Glial cells in the mammalian CMS are responsible for creating and maintaining an environment where neuronal activity can be sustained, and are capable of modulating this activity. This close interrelationship between neurons and non-neuronal cells suggests that mechanisms may exist to rapidly adjust glial cell behavior in response to changes in the needs of surrounding neurons. Our previous studies indicate that NG2 cells (also known as oligodendrocyte precursor cells, or OPCs), a class of progenitor cells found ubiquitously in both gray and white matter, express functional ionotropic receptors for glutamate and GABA in situ, suggesting that conventional neurotransmitters may have widespread roles in cell signaling. These low affinity receptors are activated in NG2 cells by the quantal release of transmitter from neurons, which result in transient depolarizations of the NG2 cell membrane. The existence of synaptic signaling between neurons and NG2 cells in the hippocampus raises many new questions about the role of this rapid communication in regulating the properties and development of these enigmatic cells. We hypothesize that neuron-NG2 cell synaptic signaling is a ubiquitous mechanism for regulating the proliferation and development of NG2 cells in the brain. The availability of transgenic mice in which the fluorescent protein DsRed is expressed in all NG2 cells provides us with an unprecedented opportunity to study the interaction between neurons and NG2 cells within intact slices of mammalian brain. We propose to use single cell electrophysiological methods, high resolution electron microscopy, and transgenic manipulation of glutamate receptors in NG2 cells, to define the properties of receptors expressed by NG2 cells in different brain regions, the mechanisms responsible for activation of these receptors, and the role of this signaling in regulating NG2 cell behavior. These studies will evaluate the specific hypothesis that Ca2+ influx through these AMPA receptors plays a central role in regulating the proliferation and differentiation NG2 cells. Because these cells serve as oligodendrocyte progenitors and have multipotent capability, a better understanding of the factors that regulate the NG2 cells behavior in situ may lead to new strategies for preventing myelin damage in pre-term infants, and replacing neurons and glia that have been injured as a result of ischemia or lost through disease.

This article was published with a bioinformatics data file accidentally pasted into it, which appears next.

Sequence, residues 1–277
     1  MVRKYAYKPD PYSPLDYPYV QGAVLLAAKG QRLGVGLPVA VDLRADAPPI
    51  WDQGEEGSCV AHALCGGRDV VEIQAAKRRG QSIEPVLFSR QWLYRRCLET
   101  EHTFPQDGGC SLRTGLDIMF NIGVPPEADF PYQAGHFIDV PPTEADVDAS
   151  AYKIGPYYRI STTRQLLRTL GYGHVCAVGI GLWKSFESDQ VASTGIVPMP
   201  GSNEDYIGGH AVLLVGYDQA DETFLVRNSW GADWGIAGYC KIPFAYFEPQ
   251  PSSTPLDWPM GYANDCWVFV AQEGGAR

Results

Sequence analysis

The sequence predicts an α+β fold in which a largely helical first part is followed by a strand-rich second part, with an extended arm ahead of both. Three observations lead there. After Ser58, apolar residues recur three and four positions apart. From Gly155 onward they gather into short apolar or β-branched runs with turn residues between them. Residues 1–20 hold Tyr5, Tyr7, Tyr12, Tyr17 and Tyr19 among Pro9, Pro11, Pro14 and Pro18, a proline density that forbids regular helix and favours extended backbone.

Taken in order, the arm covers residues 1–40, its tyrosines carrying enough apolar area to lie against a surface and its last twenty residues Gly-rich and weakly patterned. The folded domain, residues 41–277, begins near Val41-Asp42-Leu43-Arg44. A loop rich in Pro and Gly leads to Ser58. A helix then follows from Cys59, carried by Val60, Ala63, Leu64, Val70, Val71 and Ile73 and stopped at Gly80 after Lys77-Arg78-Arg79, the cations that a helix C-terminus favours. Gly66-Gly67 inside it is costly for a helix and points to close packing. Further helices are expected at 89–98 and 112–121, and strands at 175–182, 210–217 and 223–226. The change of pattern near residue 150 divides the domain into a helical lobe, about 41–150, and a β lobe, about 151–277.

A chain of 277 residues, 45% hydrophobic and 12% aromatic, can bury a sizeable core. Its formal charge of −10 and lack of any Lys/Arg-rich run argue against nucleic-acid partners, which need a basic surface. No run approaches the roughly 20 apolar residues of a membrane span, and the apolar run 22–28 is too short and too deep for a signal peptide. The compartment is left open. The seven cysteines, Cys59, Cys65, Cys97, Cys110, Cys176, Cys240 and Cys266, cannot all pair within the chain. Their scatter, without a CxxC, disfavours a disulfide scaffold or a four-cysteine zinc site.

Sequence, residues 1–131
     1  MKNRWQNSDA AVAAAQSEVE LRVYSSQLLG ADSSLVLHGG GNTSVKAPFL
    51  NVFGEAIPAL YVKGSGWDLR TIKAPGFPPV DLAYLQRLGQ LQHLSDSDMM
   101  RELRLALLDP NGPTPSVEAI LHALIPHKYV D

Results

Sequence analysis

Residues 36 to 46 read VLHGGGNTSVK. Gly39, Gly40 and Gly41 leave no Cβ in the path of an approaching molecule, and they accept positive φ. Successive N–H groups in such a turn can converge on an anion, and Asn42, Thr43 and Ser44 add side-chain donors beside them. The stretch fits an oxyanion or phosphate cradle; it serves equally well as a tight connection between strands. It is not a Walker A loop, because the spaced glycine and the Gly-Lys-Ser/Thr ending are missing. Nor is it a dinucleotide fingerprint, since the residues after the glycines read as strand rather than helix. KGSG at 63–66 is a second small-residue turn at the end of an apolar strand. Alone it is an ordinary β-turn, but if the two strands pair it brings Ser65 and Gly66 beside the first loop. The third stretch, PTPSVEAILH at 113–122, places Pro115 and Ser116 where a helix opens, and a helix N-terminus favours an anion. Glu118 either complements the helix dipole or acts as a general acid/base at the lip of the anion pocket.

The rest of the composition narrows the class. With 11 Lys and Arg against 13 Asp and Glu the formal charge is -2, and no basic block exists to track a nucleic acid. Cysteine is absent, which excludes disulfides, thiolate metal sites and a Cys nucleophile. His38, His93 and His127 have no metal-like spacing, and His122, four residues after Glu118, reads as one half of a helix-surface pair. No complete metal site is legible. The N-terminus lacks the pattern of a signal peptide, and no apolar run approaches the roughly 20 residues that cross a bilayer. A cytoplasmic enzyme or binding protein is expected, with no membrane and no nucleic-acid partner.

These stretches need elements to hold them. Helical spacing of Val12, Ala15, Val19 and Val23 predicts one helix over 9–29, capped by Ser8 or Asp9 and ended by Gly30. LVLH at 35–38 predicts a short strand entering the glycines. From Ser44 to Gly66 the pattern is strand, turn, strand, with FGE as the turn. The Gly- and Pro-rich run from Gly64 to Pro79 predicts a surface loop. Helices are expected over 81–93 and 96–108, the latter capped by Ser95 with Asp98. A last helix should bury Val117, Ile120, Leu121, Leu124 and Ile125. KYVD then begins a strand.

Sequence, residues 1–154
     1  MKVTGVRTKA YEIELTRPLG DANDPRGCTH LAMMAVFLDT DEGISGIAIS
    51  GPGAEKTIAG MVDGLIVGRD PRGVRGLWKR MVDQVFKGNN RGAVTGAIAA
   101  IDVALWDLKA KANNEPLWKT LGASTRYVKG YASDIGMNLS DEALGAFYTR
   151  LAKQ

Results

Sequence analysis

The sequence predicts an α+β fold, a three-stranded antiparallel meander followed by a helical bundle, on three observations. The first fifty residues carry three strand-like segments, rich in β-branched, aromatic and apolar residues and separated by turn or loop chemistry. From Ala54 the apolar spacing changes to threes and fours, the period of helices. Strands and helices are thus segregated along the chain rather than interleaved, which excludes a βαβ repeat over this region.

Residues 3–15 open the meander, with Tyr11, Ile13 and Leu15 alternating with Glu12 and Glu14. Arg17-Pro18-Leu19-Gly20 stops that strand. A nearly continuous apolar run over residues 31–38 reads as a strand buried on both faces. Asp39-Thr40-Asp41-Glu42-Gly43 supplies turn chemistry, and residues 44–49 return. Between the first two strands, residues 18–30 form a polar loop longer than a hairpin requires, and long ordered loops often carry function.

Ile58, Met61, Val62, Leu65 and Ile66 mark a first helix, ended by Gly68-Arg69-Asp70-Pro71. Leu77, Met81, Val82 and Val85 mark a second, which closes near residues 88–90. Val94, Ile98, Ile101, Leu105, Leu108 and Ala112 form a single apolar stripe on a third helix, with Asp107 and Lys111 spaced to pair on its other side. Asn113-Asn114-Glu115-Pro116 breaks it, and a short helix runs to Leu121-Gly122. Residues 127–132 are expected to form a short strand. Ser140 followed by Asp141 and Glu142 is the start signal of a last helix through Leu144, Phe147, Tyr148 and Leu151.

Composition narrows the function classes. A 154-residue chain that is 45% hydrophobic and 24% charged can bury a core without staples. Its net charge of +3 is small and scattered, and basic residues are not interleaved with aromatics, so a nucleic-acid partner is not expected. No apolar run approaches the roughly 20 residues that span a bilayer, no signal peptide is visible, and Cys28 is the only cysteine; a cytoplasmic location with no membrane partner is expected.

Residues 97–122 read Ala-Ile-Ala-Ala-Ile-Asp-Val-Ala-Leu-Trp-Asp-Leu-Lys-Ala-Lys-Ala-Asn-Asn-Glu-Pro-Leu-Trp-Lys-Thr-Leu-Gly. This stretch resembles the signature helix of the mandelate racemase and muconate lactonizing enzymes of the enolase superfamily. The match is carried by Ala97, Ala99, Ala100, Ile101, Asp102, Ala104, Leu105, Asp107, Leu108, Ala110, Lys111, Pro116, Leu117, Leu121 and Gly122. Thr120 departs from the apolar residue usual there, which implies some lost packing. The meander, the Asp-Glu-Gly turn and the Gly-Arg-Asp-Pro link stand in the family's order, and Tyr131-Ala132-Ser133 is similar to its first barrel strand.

National Institute of Health (NIH)
National Institute of Neurological Disorders and Stroke (NINDS)
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Neurotransporters, Receptors, and Calcium Signaling Study Section (NTRC)
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Fountain, Jane W
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Johns Hopkins University
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